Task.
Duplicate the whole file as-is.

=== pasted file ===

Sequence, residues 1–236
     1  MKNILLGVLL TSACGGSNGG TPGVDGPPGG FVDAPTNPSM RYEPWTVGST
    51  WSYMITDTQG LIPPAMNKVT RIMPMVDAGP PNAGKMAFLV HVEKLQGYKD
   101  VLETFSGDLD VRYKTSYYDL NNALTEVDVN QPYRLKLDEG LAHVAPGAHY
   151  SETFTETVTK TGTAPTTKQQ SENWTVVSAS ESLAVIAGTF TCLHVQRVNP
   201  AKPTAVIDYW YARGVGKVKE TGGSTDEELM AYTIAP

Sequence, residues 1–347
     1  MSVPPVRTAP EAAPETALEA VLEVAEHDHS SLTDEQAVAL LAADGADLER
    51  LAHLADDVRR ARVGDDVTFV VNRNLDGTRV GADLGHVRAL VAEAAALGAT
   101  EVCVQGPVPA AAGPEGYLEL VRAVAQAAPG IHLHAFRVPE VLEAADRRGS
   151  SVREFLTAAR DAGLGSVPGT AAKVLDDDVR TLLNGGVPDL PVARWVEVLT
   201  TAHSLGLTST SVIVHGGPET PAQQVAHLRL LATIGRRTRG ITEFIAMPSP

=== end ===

Sequence, residues 1–236
     1  MKNILLGVLL TSACGGSNGG TPGVDGPPGG FVDAPTNPSM RYEPWTVGST
    51  WSYMITDTQG LIPPAMNKVT RIMPMVDAGP PNAGKMAFLV HVEKLQGYKD
   101  VLETFSGDLD VRYKTSYYDL NNALTEVDVN QPYRLKLDEG LAHVAPGAHY
   151  SETFTETVTK TGTAPTTKQQ SENWTVVSAS ESLAVIAGTF TCLHVQRVNP
   201  AKPTAVIDYW YARGVGKVKE TGGSTDEELM AYTIAP

Sequence, residues 1–347
     1  MSVPPVRTAP EAAPETALEA VLEVAEHDHS SLTDEQAVAL LAADGADLER
    51  LAHLADDVRR ARVGDDVTFV VNRNLDGTRV GADLGHVRAL VAEAAALGAT
   101  EVCVQGPVPA AAGPEGYLEL VRAVAQAAPG IHLHAFRVPE VLEAADRRGS
   151  SVREFLTAAR DAGLGSVPGT AAKVLDDDVR TLLNGGVPDL PVARWVEVLT
   201  TAHSLGLTST SVIVHGGPET PAQQVAHLRL LATIGRRTRG ITEFIAMPSP